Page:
Example: One owner non- resident in Spain who owns a property located in Catalonia whose value is 1,000,000€.
Value of the property: 1,000,000€
Free allowance: (500.000€)
Tax base: 500,000€
Tax Rate (0.210% of 167,129.45€+0.315 of the rest of the value): 1,572.10€
TAXES to be paid when you sell your property in Spain:
The tax is calculated by imposing the tax rate of 19% on the net gain.
The tax is calculated by imposing a progressive tax rate on the net gain:
Since 2023: from 19% to 28%
2021-2022: from 19% to 26%
2016-2020: from 19% to 23%
Sale price €1.25M
Net sale price €1,164,375
Purchase price €150k
Net purchase price €164,375
Tax to be paid by Non-resident vendor. €190K
Tax to be paid by Resident vendor. €267,880
Solidarity Tax on Large Fortunes (“Solidarity Tax”): The solidarity tax is of a direct and personal nature and is meant to apply throughout the national territory. The fundamental difference between Wealth Tax and Solidarity Tax is that the solidarity tax is only levied on taxpayers with a net wealth above €3 million, which is why it is set as complementary.
The new tax is supposed to be a temporary measure implemented for the first two tax years after its accrual (December 31) since the Law came into force in 29 of December of 2022.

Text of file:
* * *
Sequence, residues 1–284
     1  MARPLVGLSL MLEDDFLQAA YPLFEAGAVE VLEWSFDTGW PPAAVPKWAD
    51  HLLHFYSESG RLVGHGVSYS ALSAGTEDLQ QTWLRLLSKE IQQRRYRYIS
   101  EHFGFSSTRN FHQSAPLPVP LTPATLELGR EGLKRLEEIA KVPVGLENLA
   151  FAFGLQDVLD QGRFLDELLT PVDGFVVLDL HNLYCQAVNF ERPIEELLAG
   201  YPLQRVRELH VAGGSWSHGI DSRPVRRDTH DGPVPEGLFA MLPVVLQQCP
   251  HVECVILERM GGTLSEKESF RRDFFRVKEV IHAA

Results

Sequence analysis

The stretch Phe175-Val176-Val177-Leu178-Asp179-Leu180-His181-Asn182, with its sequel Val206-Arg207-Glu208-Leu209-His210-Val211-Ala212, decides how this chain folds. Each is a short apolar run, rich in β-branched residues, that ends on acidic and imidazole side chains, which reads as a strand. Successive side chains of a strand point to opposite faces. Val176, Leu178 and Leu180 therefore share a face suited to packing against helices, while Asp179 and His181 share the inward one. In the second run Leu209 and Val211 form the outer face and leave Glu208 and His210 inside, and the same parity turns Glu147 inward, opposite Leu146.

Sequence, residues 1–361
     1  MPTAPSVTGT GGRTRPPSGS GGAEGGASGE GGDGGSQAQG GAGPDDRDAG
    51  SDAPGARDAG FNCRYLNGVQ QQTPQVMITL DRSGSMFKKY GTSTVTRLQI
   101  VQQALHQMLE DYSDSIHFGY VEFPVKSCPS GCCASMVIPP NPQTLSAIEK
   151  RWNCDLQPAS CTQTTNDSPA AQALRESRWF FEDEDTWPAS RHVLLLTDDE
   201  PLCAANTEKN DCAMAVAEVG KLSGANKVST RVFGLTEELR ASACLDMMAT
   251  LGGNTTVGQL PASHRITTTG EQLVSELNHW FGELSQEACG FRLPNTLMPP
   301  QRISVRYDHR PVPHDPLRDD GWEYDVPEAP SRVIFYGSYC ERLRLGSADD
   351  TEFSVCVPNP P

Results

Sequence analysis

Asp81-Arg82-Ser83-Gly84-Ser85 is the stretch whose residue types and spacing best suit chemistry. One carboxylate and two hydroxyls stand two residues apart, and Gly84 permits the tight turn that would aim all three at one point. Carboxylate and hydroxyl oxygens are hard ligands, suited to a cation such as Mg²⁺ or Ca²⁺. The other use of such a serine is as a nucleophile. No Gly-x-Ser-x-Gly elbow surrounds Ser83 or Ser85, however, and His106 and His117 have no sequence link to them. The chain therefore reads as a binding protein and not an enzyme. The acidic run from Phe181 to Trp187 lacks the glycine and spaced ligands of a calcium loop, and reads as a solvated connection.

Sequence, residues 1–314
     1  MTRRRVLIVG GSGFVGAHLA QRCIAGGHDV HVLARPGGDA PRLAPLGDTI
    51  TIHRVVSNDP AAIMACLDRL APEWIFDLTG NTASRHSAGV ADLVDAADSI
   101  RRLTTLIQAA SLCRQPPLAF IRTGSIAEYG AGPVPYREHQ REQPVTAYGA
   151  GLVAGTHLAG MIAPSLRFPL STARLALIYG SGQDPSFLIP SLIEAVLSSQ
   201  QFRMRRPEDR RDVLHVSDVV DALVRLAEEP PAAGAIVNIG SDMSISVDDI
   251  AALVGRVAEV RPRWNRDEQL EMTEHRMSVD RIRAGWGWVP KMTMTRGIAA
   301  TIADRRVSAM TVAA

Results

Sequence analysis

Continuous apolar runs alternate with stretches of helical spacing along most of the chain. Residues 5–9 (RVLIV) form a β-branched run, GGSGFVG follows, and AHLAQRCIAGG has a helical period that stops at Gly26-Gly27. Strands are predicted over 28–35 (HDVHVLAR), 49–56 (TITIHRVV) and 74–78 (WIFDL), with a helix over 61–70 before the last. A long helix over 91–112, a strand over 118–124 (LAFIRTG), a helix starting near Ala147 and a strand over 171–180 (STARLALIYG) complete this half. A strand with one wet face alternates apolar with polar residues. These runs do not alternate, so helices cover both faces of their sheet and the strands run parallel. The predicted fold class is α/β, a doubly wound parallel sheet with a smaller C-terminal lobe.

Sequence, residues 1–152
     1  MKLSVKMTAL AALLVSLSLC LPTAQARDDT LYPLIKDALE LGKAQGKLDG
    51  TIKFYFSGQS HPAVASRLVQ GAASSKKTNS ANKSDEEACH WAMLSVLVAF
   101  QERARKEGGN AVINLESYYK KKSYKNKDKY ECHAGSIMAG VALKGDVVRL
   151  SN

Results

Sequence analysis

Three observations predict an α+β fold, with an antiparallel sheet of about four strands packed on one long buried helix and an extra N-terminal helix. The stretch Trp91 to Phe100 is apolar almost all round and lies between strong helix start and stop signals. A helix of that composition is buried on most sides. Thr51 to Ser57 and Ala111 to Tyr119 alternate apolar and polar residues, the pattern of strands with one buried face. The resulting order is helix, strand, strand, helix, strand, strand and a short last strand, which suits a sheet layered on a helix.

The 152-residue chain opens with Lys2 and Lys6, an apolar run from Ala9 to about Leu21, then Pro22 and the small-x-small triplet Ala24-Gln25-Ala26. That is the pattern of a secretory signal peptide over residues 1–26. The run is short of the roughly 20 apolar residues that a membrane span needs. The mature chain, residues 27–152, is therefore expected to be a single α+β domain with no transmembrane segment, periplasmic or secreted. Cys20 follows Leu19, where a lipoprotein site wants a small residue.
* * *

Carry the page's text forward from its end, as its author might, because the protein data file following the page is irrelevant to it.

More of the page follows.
The solidarity tax is levied on taxpayers who are also liable for wealth tax, including non-resident individuals, who are taxed on their net wealth in Spain.
Having calculated a taxable base of more than €3 million, a progressive tax rate applies as follows:
- 0% up to €3 million of net wealth
- 1.7% between €3 million and €5 million of net wealth
- 2.1% between €5 million and € million of net wealth
- 3.5% for a net wealth of over €10 million
The amount an individual pays in wealth tax may be deducted from Solidarity Tax.
As a very general rule, taxpayers will be required to check whether the corresponding double taxation treaty also applies to wealth taxes. In certain cases, wealth taxes or any tax of an identical or similar nature (such as the solidarity tax), are not covered by the corresponding treaty.
In other cases, the treaty does apply to wealth tax (and to identical or similar taxes) and will establish which State is entitled to tax the wealth of a particular individual.
The Solidarity Tax is established without prejudice to the provisions of international tax treaties and conventions. Can non-residents taxpayers be treaty-protected?
As a very general rule, taxpayers will be required to check whether the corresponding double taxation treaty also applies to wealth taxes. In certain cases, wealth taxes or any tax of an identical or similar nature (such as the solidarity tax), are not covered by the corresponding treaty. In other cases, the treaty does apply to wealth tax (and to identical or similar taxes) and will establish which State is entitled to tax the wealth of a particular individual.